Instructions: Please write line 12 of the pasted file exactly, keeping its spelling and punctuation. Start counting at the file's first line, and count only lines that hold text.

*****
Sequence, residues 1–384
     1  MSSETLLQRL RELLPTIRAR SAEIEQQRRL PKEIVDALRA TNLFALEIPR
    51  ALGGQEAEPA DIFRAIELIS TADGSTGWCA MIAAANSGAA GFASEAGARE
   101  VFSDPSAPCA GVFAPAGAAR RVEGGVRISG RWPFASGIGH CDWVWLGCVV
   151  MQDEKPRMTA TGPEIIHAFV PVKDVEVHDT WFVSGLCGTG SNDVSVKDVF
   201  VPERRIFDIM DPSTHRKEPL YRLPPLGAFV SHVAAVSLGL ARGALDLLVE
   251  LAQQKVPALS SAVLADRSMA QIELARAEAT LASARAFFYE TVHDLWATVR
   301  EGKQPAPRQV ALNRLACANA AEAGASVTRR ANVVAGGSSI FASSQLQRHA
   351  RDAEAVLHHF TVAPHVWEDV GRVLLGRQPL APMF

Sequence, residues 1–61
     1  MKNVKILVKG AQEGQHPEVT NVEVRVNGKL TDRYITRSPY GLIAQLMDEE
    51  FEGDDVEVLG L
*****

    51  FEGDDVEVLG L